Cyclic, collective, and tail rotor control continuity could not be established due to impact and fire damage to the cockpit and cabin areas. Control continuity was established from the cockpit area to the tail rotor blades where pitch change was established. No Stability Augmentation System (SAS) was installed on the helicopter.

Rotational damage was evident at the tail rotor driveshaft couplings and on the vertical fin. The tail rotor blades were broken outboard of their mid-point and were bent opposite the direction of rotation.

The main driveshaft was separated from the main transmission. The flex coupling at the main transmission input side was fractured. Examination by a Safety Board metallurgist revealed the driveshaft failed in overload. Three attachment bolts on the flex coupling from the engine output side did not have the corresponding self-locking nuts installed. The three bolts missing hardware were mounted in succession.

Examination of the engine revealed the induction bellmouth seal, a rubber bowl-shaped gasket, was ingested by the engine and blocked the intake area of the induction section.

The engine was removed from the site for further examination.

A cursory examination of the main transmission revealed exterior damage by fire. The fracture surface at the top of the mast exhibited overload fractures with no evidence of fatigue. The mast could not be rotated by hand. The transmission was removed for further examination.

The Master Caution segment light panel was removed for further examination.


Dr. Dennis J. Chute, of the Chief Medical Examiners Office, Baltimore, Maryland performed autopsies on both pilots.

The FAA Toxicology Accident Research Laboratory, Oklahoma City, Oklahoma performed toxicological testing for both pilots.


The engine was examined at Airwork Corporation, Millville, New Jersey on April 30, 1998. The examination revealed rotational scoring inside the induction, compressor, and power turbine sections. The compressor blades were bent opposite the direction of rotation. The discharge tube from the compressor section contained shiny metal particles.

All fuel and oil filters and screens were found intact and clear of obstructions. Fuel was present in the fuel control and the drive splines were intact and free to rotate. The fuel nozzle was flow tested and found free of obstructions. Continuity was established throughout the N1 and N2 sections of the engine accessory gearbox.

The transmission was examined at the Hiller Aircraft Corporation, Marina, California, on October 19, 1998. Initial examination revealed impact damage to the tail rotor drive flange and excessive fire damage to the accessory drive case at the bottom of the transmission. Disassembly began at the top of the transmission case. The mast bearings and upper planetary gears were intact and found free to rotate. The engine power input quill and one-way clutch functioned without defect.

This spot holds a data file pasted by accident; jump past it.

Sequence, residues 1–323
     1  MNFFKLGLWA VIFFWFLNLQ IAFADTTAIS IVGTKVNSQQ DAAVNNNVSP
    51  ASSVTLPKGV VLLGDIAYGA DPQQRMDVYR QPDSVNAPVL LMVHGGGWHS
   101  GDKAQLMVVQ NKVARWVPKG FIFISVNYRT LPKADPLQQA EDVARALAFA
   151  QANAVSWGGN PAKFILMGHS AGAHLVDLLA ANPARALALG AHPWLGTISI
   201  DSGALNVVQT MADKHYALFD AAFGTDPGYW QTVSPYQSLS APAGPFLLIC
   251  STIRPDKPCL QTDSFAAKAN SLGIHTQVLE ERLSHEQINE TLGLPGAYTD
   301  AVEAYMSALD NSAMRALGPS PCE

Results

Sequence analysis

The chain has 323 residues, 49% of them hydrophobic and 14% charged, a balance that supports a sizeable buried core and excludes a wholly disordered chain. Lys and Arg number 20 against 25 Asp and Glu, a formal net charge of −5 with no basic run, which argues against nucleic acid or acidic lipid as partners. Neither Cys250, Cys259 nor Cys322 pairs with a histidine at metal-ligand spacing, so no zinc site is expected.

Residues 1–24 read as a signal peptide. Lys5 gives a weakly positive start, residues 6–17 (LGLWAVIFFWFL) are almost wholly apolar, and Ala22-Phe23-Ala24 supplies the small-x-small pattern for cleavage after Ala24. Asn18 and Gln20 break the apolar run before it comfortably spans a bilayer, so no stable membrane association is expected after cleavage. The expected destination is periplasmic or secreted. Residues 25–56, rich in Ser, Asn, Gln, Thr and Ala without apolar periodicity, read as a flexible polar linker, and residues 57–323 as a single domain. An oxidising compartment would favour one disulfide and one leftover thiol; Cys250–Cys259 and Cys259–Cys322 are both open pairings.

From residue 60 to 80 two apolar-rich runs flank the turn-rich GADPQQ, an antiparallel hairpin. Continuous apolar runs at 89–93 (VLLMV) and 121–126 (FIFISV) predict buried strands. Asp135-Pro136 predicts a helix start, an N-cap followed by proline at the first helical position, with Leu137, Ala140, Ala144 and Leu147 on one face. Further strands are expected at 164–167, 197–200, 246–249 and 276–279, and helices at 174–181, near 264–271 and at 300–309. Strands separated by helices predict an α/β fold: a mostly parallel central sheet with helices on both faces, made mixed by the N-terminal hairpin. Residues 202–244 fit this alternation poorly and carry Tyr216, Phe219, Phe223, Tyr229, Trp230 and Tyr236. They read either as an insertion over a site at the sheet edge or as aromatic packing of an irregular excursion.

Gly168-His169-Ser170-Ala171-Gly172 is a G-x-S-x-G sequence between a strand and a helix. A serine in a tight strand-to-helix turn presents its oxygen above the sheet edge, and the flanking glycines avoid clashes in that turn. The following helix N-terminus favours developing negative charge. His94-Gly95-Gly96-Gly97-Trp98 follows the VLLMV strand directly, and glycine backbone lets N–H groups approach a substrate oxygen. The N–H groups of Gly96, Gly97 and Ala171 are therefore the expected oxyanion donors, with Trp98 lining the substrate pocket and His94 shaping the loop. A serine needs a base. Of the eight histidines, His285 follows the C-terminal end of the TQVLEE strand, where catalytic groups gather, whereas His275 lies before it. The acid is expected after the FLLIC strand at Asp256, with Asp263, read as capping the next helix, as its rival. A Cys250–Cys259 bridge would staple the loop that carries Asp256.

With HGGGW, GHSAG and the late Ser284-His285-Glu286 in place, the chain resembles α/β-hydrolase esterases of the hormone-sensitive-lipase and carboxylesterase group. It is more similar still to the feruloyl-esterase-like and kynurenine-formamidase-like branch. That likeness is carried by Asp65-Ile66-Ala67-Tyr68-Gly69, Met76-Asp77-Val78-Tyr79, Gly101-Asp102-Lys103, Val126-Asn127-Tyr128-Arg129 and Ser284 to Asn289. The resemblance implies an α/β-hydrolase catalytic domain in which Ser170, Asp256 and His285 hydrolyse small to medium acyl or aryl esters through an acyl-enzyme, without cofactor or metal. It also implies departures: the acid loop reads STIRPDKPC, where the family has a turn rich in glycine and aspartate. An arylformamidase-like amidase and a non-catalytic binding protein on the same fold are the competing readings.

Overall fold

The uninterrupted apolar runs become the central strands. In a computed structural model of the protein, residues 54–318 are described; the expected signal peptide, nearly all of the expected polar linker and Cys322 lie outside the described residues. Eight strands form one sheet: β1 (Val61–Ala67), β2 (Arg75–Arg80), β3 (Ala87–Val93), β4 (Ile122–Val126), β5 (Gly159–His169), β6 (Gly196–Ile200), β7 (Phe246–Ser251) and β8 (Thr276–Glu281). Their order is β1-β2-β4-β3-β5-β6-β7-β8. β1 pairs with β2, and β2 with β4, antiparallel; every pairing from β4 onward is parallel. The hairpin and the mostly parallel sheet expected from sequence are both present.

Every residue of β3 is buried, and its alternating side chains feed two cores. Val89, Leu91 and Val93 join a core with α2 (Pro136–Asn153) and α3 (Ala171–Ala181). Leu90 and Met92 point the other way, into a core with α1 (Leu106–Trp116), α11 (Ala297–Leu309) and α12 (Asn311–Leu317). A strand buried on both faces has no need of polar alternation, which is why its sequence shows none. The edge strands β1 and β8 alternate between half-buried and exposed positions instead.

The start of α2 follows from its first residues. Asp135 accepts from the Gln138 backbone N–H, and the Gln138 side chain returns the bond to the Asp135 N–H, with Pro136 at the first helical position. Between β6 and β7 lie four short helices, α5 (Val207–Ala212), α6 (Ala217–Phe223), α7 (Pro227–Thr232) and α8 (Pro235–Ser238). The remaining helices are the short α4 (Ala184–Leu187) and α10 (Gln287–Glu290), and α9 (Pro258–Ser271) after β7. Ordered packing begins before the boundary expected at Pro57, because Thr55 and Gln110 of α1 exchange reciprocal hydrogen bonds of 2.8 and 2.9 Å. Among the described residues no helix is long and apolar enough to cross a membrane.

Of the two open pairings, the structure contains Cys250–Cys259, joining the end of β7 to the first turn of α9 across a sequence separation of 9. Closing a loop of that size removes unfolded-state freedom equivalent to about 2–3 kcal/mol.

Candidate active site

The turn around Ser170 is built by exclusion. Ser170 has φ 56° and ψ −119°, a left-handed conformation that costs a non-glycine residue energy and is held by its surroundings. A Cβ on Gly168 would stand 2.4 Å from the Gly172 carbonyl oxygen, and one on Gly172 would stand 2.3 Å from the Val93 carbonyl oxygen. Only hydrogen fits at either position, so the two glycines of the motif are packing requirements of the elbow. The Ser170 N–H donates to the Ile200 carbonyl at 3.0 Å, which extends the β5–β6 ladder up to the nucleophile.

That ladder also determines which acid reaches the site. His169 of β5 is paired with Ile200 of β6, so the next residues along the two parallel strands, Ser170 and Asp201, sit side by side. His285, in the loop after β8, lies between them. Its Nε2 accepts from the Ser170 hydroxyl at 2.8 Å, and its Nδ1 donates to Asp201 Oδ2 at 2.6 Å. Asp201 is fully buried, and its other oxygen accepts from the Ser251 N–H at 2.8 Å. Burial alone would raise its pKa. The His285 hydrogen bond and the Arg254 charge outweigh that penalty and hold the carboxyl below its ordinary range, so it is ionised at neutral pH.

The lower portion of the transmission, the accessory drive section, was locked up and prevented rotation of the transmission. Disassembly of this section revealed a bearing would not rotate and the bearing race was removed. According to the inspection report, "The internal inspection revealed solid carbon buildup on the inner and outer races between the balls...The carbon deposits were very hard and were left after the complete combustion of the lubricating oil. The carbon deposits were removed to determine if any pre-existing damage to the bearing was present. Upon removal of the carbon, the balls and races appeared to have been fully serviceable up to the moment of ground impact and fire."

An Aviation Safety Inspector from the Van Nuys Manufacturing Inspection District Office examined the transmission and reviewed the inspection report. The Inspector concurred with the findings of the report.


The individual panel segments were illegible due to fire damage, but the covers were in place. A cursory examination of the panel revealed varying degrees of filament damage and stretch in the light bulbs installed in the panel. Removal of the segment covers revealed that no light bulbs were installed in the PRIMARY HYDRAULIC caution segment or the MAIN GENERATOR caution segment.

The Materials Laboratory Division of the National Transportation Safety Board performed a detailed examination of the bulbs that were installed.


In an interview, the owner/operator was asked what actions he would take with the helicopter if any caution segments failed to illuminate when the press-to-test button was pushed before engine start. He said:

"I'd get it repaired before I flew it."

According to the Hiller Aviation Service Letter 10-10 published August 3, 1983:


"A recent fatal accident was caused by a pilot putting the helicopter into a low-G (weightless) flight condition. While he attempted to maneuver the helicopter with full cyclic inputs during the low-G condition, the rotor flapping at the teeter hinge exceeded design limits causing extreme 'mast bumping' fractu

NTSB Probable Cause

The pilot's abrupt, low-g maneuver, which resulted in mast bumping and separation of the main rotor system.